Meneses et. al., “Engaging the Religiously Committed Other: Anthropologists and Theologians in Dialogue”

Meneses, Eloise, Lindy Backues, David Bronkema, Eric Flett, and Benjamin L. Hartley. 2014. Engaging the Religiously Committed Other: Anthropologists and Theologians in Dialogue. Current Anthropology. Preprint – issue, volume, page not available. 

Abstract: Anthropology has two tasks: the scientific task of studying human beings and the instrumental task of promoting human flourishing. To date, the scientific task has been constrained by secularism, and the instrumental task by the philosophy and values of liberalism. These constraints have caused religiously based scholarship to be excluded from anthropology’s discourse, to the detriment of both tasks. The call for papers for the 2009 meetings of the American Anthropological Association (AAA) recognized the need to “push the field’s epistemological and presentational conventions” in order to reach anthropology’s various publics. Religious thought has much to say about the human condition. It can expand the discourse in ways that provide explanatory value as well as moral purpose and hope. We propose an epistemology of witness for dialogue between anthropologists and theologians, and we demonstrate the value added with an example: the problem of violence.

Dulin, “Messianic Judaism as a Mode of Christian Authenticity”

Dulin, John. 2013.Messianic Judaism as a Mode of Christian Authenticity: Exploring the Grammar of Authenticity through Ethnography of a Contested Identity. Anthropos 108(1):33-51.

Abstract: While most studies of Messianic Jews focus on how they grapple with anxieties of in-authenticity in relation to the broader Jewish community, this article considers how adherents understand their faith as a unique form of authenticity. On one level, both Messianic Jewish claims of authenticity and critics of Messianic authenticity reflect the same cultural logic of what I call the “evaluative grammar of authenticity.” The evaluative grammar of authenticity values causal/metonymic indexes over manipulated symbols and is undergirded by a suspicion that general appearances are symbolically manipulated in order to mask actual indexical underpinnings. This article argues that the strong stance on Messianic Jewish authenticity in this community is facilitated by the employment of the evaluative grammar of authenticity within a model of reality strongly influenced by the eschatology and epistemology of American Christian fundamentalism. The indexical underpinnings of the cosmos within this model of reality make it logical to conceive of the Messianic Jewish movement as a manifestation of authentic biblical religion. This mode of authenticity is briefly compared to that reflected by critics of Messianic Jewish authenticity who tend to employ this evaluative grammar within a more natural/historical model of reality. This ethnographic example is useful for exploring some of the basic contours of conflicts over authenticity, including how the value-laden domains of knowledge and agency are implicated in these conflicts. It also illustrates how the evaluative grammar of authenticity exemplifies a shared cultural value that, due to its internal logic, tends to engender division and cultural heterogeneity as much, or more, than it engenders cultural consensus.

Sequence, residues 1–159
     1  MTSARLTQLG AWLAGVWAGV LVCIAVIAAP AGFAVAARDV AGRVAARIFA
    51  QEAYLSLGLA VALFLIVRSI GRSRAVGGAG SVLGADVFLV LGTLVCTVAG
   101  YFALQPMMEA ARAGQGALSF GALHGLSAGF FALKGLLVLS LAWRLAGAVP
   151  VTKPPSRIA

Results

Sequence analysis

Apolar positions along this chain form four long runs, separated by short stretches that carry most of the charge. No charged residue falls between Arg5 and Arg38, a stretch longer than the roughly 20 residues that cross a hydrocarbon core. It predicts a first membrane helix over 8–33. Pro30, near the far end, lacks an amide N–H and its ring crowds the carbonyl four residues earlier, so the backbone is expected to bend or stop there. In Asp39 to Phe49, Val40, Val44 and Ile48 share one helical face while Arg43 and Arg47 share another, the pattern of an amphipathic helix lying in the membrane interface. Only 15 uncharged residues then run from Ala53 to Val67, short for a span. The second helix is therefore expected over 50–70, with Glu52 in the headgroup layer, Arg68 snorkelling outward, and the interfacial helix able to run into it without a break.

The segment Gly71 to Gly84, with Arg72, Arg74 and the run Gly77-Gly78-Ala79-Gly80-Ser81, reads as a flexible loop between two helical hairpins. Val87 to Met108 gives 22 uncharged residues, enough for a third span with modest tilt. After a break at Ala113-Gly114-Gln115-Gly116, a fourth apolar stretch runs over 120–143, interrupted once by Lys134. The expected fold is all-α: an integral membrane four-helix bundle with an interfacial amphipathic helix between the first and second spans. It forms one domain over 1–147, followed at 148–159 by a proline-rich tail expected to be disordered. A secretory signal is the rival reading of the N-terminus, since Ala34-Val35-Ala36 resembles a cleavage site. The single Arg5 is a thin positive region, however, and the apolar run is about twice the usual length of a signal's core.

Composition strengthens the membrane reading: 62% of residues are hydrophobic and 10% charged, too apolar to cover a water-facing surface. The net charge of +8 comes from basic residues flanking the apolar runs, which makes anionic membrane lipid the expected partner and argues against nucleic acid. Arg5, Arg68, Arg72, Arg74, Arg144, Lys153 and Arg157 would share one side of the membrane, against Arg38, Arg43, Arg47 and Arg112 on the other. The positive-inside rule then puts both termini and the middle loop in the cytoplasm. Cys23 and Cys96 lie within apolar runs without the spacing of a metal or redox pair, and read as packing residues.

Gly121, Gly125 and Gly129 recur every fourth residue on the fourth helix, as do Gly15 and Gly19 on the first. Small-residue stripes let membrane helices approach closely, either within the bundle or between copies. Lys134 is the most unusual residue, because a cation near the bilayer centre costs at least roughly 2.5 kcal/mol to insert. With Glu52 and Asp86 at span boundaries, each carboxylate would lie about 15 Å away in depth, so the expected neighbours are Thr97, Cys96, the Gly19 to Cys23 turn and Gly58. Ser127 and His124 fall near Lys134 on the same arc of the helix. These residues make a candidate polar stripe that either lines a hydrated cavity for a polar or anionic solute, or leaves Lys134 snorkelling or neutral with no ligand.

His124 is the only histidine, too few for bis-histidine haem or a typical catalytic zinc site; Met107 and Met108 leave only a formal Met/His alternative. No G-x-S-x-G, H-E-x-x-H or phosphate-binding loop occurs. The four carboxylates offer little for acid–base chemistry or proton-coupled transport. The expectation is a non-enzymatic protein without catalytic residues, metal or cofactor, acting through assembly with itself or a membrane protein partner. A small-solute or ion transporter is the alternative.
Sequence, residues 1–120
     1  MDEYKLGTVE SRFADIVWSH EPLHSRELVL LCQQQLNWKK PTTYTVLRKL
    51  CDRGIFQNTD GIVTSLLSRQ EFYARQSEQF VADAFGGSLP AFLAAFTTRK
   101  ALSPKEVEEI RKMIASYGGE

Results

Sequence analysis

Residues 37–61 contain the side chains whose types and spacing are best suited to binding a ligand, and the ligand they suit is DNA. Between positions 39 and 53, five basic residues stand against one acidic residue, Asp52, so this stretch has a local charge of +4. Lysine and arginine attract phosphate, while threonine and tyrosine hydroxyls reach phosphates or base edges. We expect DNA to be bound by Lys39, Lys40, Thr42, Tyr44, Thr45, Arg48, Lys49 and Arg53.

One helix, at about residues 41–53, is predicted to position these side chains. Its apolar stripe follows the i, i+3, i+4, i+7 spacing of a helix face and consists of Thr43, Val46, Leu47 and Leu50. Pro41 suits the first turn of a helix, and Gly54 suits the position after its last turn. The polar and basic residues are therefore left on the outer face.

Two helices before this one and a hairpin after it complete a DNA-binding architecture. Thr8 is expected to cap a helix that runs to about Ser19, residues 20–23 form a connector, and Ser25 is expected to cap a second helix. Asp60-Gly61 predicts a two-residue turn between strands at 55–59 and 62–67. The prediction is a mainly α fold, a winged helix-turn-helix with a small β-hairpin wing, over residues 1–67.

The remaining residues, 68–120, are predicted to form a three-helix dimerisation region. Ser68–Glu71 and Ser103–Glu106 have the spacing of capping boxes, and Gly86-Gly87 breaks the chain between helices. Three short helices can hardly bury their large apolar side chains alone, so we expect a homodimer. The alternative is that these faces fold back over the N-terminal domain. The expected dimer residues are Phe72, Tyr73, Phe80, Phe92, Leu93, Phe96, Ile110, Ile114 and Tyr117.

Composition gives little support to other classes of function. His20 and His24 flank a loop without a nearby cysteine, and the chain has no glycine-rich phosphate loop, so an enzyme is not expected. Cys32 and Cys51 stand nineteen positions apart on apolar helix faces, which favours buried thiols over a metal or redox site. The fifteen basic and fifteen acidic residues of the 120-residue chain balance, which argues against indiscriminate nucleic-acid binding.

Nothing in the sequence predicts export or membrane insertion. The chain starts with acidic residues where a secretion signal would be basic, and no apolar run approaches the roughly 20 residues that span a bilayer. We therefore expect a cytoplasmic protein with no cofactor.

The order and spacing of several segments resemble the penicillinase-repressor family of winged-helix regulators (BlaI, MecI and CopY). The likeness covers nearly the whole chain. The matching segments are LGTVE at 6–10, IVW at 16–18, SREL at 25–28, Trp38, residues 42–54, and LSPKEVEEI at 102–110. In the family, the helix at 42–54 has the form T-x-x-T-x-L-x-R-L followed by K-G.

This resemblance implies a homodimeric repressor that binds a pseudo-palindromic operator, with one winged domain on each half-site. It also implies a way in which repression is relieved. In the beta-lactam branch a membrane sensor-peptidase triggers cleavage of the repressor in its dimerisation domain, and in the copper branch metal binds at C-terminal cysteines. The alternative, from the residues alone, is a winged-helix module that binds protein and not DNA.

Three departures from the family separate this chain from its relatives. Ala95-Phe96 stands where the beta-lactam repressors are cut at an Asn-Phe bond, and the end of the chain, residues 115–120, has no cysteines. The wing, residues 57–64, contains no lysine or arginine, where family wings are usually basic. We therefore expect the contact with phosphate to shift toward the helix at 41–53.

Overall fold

Magolda and Gross, “Misinterpreting the Spirit and Heart: Religious and Paradigmatic Tensions in Ethnographic Research”

Magolda, Peter and Kelsey Ebben Gross (2012) “Misinterpreting the Spirit and Heart: Religious and Paradigmatic Tensions in Ethnographic Research.” Religion & Education 39(3):235-256.

Abstract: This article discusses the unique methodological challenges that 2 secular researchers encountered while studying an evangelical collegiate enclave. The article showcases the researchers’ retrospec- tive sense making of their fieldwork and offers insights for qualitat- ive researchers interested in studying faith-based organizations.

Lindhardt, “Who bewitched the pastor and why did he survive the witchcraft attack? Micro-politics and the creativity of indeterminacy in Tanzanian discourses on witchcraft”